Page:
(C.S. Lewis through the) Shadowlands; The BBC and Gateway Films, 1985;
directed by Norman Stone, screenplay by William Nicholson; starring Joss Ackland and Claire Bloom; available from Vision Video.
In theory, death ought to be a Christian's happiest moment, the passage from temporal life in the mere shadow of divine illumination to eternal life in God's brilliant presence. In practice, Christians often sorrow over death as much as do nonbelievers. They have some good precedents. Saint Simeon aptly predicted to the Theotokos that "a sword will pierce your heart'; Jesus "groaned in the spirit" when He learned of the death of His dear friend Lazarus. It is difficult enough to face one's own death, but the death - especially the painful and premature death - of a loved one can challenge the faith of even the most committed believer.
Such was the experience of Clive Staples ("Jack") Lewis, when cancer claimed the life of his beloved wife, Joy. Lewis, the 20th century's best known English-language apologist for traditional Christian faith, was so shaken by the cruel end Joy met that he had to plumb the very depths of his soul to reclaim the faith on which his adult life rested. His candid and heart-wrenching thoughts were recorded in journals published as A Grief Observed, and that work has twice inspired cinematic interpretation: Hollywood cast Anthony Hopkins and Debra Winger as Jack and Joy, while the BBC and Gateway Films collaborated on the version (greatly preferred by this viewer) we are considering today.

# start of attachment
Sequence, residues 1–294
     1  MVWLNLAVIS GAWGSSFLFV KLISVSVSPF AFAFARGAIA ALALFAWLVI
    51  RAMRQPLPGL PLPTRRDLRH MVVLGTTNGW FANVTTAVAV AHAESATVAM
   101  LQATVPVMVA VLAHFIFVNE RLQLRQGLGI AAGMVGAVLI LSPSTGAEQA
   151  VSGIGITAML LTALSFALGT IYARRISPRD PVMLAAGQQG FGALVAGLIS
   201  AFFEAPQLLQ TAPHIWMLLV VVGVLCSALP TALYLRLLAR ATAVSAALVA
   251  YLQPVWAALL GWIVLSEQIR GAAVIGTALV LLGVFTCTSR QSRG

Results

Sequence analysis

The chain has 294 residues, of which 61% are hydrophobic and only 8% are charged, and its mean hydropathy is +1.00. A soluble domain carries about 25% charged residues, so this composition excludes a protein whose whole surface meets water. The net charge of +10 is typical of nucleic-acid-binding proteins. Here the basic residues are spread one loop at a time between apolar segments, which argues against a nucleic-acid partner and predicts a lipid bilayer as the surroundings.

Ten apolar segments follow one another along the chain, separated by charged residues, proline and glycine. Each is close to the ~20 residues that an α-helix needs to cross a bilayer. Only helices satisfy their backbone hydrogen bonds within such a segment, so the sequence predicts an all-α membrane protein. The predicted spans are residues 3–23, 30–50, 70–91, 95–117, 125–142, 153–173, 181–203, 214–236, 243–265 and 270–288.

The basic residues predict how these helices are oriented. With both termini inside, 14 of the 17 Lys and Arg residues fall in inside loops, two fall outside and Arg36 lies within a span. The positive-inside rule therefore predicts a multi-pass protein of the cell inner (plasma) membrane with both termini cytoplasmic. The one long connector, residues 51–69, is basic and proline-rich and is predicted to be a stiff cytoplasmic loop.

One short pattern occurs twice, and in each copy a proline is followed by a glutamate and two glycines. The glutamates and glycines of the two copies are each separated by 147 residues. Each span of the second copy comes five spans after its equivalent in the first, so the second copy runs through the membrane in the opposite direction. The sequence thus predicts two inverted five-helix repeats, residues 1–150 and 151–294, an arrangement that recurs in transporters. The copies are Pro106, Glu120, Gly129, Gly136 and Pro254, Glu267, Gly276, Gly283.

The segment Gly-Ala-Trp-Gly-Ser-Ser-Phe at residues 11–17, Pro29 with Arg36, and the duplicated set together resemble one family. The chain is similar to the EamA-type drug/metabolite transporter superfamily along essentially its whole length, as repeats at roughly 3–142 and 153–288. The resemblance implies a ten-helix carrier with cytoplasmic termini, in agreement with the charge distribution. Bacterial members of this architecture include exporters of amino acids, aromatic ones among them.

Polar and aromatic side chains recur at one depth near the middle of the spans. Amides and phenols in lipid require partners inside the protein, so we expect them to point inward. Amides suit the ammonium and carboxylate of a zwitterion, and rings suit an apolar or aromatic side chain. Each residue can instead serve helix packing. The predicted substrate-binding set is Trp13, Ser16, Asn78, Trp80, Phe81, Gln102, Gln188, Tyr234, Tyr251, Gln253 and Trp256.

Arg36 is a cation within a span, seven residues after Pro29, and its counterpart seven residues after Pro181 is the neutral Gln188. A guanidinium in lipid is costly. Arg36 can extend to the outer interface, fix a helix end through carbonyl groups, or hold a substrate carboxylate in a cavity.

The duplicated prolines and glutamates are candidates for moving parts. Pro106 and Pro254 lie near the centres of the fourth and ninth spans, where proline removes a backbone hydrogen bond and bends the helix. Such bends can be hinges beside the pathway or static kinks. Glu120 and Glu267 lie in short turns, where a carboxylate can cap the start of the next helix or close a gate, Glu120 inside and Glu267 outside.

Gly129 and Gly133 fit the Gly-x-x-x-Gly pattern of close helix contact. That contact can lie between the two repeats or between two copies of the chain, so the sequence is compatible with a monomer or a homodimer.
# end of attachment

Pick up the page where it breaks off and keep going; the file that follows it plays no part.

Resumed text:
C.S. Lewis's writings inspired voluminous response from around the world. Some of these correspondents came to know Lewis personally; one of them married him.
American Joy Davidman Gresham, a Jewish convert to Christianity, mother of two, and wife of a successful but hopelessly immature novelist, travelled to England to visit Lewis in the mid-1950s. They struck up a warm, platonic friendship. Mrs. Gresham returned to America to divorce her violent and philandering husband, but later returned to England and resumed her chaste relationship with the world famous writer and lay theologian. She and her children faced eventual deportation, so Lewis stepped in and entered into a purely legal and pragmatic marriage to ensure her and her sons the right to stay in their adopted homeland.
We see Lewis the keen mind at work, articulating and defending the faith so in disfavor among post-War intellectuals. On one broadcast, Lewis describes how he disabused himself of certain secularist assumptions, such as the view that Christ was merely "a good moral teacher."
I discovered that Christ denied there was any truth in my arguments. What is more, He said He was the Son of God. Here I was in trouble. A man who is merely a man and said the sort of things Jesus said wouldn't be a great moral teacher at all. He'd either be a lunatic - on the level with a man who says he's a poached egg - or else he'd be the Devil of Hell. You must make your choice: either this man was and is the Son of God or else a madman or something worse. You can shut him up for a fool; you can spit at him and kill him as a demon; or you can fall at His feet and call Him Lord and God. But don't let's come up with any patronizing nonsense about His being a great human teacher. He hasn't left that open to us. He didn't intend to.